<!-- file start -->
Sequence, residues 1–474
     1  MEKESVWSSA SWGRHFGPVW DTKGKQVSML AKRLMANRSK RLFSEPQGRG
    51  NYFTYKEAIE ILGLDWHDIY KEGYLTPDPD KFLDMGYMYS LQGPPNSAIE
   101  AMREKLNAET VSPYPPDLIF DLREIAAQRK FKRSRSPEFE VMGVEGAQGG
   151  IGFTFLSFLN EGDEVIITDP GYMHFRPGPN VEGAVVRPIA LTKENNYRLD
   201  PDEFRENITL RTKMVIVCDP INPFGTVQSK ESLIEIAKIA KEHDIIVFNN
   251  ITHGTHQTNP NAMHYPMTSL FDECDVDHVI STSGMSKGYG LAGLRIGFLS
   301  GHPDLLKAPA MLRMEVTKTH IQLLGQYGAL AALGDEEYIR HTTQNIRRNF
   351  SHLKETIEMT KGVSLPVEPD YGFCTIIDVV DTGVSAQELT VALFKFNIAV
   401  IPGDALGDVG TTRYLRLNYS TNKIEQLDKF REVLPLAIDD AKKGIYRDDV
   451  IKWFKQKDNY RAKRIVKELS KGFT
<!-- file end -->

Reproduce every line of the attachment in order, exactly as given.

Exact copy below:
Sequence, residues 1–474
     1  MEKESVWSSA SWGRHFGPVW DTKGKQVSML AKRLMANRSK RLFSEPQGRG
    51  NYFTYKEAIE ILGLDWHDIY KEGYLTPDPD KFLDMGYMYS LQGPPNSAIE
   101  AMREKLNAET VSPYPPDLIF DLREIAAQRK FKRSRSPEFE VMGVEGAQGG
   151  IGFTFLSFLN EGDEVIITDP GYMHFRPGPN VEGAVVRPIA LTKENNYRLD
   201  PDEFRENITL RTKMVIVCDP INPFGTVQSK ESLIEIAKIA KEHDIIVFNN
   251  ITHGTHQTNP NAMHYPMTSL FDECDVDHVI STSGMSKGYG LAGLRIGFLS
   301  GHPDLLKAPA MLRMEVTKTH IQLLGQYGAL AALGDEEYIR HTTQNIRRNF
   351  SHLKETIEMT KGVSLPVEPD YGFCTIIDVV DTGVSAQELT VALFKFNIAV
   401  IPGDALGDVG TTRYLRLNYS TNKIEQLDKF REVLPLAIDD AKKGIYRDDV
   451  IKWFKQKDNY RAKRIVKELS KGFT